Poster highlighting the horrors of force feeding of hunger strikers. The outcry over this strategy led to the Cat and Mouse Act.


Ads for the Suffragette newsletter, edited by one of the daughters 
of leader Emmeline Pankhurst.


The opponents of women suffrage produced many posters as well. Here are a few. Sorry, they are offensive.











Wednesday, 11 November 2015

Art of the First World War

The First World War, which ended a century ago, killed at least 10 million soldiers and millions more civilians, led to the Russian Revolution, the Great Depression, the rise of fascism and Nazism, and World War II.  The guns fell silent at the 11th hour of the 11th day, of the 11th month. Clearly, the armistice makers had a sense of history. WWI was not the first war to be photographed or filmed, but none had ever produced so many images in those media. The war also produced a huge body of painting and art, most by those who fought. Here are a few examples, in realistic and more modernist styles.

    
C.R.W. Nevinson, "Paths of Glory" 1917. "Dulce et Decorum Est, Pro Patria Mori."

Nevinson, "Harvest of Battle" 1919. Blind leading the blind.


Nevinson, "Machine Gun," 1915. French soldiers.


Frank Branwyn, "Tank in Action" (1925) Painted for a public building in Britain. Rejected as "unacceptably morbid." In other words, too accurate.


Henri de Groux, "Gas Masks" (1916). French soldiers. Note resemblance to pigs. Asphyxiation by gas was perhaps the most horrible way of dying.


George Leroux, "L'Enfer" ("Hell") 1917, Suitably named. Artillery killed more men than any other weapon.


William Orpen, "Dead Germans in a Trench" 1918


Paul Nash, "The Menin Road" 1919


Nevinson, "Taube" 1916. Child killed by German aerial bombing. Total War.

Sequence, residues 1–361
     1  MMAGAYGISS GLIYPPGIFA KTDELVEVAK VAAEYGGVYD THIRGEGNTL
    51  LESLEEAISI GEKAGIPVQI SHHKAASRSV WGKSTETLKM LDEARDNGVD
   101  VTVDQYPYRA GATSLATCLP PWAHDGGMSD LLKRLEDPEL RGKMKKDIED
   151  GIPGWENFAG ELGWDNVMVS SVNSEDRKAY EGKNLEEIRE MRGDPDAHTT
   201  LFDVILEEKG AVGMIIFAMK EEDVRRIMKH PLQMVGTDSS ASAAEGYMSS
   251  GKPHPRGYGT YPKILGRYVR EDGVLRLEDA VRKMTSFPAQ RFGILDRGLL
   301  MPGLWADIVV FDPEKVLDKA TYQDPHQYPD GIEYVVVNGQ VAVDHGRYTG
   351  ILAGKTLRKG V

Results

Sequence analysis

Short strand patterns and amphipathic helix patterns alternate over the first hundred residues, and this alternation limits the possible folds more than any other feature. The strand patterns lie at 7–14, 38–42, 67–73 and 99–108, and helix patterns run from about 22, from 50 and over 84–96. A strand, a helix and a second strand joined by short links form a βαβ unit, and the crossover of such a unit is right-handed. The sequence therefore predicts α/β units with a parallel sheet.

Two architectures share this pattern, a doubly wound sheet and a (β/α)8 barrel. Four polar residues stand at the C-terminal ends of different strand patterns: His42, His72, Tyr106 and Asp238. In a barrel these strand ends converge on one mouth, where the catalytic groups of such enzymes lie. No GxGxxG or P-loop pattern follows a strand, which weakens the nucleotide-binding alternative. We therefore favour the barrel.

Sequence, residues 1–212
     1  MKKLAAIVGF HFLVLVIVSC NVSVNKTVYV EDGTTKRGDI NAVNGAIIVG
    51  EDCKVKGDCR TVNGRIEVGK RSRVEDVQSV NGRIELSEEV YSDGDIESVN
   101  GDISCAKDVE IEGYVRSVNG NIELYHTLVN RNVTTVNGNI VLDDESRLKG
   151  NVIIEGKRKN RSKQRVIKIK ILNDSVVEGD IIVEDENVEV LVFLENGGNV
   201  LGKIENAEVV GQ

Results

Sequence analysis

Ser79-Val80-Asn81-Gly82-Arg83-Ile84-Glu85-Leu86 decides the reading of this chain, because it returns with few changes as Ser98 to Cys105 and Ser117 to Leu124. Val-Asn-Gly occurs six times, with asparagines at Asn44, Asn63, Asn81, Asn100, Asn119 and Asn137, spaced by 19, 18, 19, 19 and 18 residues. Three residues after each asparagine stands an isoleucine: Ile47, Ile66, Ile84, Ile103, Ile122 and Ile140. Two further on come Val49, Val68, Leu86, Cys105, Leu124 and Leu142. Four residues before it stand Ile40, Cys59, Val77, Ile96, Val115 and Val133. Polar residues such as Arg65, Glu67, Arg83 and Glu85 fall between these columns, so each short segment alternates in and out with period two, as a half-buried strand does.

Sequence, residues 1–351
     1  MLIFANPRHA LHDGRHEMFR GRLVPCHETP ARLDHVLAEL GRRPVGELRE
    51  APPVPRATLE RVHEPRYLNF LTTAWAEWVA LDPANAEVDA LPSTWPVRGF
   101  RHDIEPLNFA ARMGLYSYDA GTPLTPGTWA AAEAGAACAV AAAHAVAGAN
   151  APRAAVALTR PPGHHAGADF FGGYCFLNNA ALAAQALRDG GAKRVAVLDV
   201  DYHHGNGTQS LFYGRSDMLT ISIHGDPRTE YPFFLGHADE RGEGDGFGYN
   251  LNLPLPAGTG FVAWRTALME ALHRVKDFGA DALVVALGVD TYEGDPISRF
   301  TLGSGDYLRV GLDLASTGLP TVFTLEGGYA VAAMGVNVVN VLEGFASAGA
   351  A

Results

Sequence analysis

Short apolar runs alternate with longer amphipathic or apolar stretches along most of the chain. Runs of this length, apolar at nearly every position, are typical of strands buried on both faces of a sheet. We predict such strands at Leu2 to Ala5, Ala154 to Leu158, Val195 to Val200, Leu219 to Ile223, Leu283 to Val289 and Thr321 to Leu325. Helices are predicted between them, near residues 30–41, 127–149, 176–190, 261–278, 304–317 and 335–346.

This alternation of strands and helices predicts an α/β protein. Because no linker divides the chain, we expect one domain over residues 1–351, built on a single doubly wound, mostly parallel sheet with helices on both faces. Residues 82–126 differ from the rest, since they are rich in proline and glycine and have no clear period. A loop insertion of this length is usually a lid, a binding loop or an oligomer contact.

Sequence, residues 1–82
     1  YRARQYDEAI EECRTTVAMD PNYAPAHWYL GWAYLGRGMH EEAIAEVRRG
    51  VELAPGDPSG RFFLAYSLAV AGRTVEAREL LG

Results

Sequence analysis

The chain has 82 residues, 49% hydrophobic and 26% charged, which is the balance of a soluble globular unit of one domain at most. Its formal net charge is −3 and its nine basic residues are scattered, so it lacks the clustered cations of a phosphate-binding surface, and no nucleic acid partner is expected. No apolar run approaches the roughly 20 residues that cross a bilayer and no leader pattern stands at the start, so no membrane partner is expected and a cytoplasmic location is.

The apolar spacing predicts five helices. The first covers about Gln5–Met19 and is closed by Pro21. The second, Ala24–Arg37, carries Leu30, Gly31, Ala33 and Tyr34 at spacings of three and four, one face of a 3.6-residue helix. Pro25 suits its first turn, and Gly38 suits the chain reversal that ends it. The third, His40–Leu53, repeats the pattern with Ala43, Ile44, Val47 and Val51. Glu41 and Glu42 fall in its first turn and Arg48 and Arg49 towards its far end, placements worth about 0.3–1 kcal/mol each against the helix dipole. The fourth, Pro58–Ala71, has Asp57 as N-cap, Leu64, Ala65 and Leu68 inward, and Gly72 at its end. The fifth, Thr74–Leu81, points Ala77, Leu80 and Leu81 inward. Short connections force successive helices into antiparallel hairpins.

Monday, 9 November 2015

Prosperity, Pestilence, and Perversity

South Carolina, the wealthiest and unhealthiest colony in British North America at the time of the Revolution, was long notorious for its deadly fevers, notably malaria and yellow fever, both transmitted by mosquitoes.


Prosperity and pestilence both arose from the cultivation of rice with enslaved Africans, who made up a majority of the population from 1708. Perversity was the denial of that reality. 

It is well known that whites suffered terribly from disease in Carolina lowcountry plantation areas. In Christ Church Parish in the early 18th century, 86% of baptized children died before age 20. Between 1750 and 1779, planter Henry Ravenel and his wife had 16 children. Eight died before age 5. Only six survived past 21. Of their seven daughters, none lived to be 20. Many other families fared the same or worse.

Less well known is that Africans also died in large numbers from these diseases and many others. This is due to the staying power of pro-slavery arguments of the 19th century, which claimed that Africans were immune to the “tropical” fevers that killed so many whites. A benevolent God had “designed” African constitutions for this work.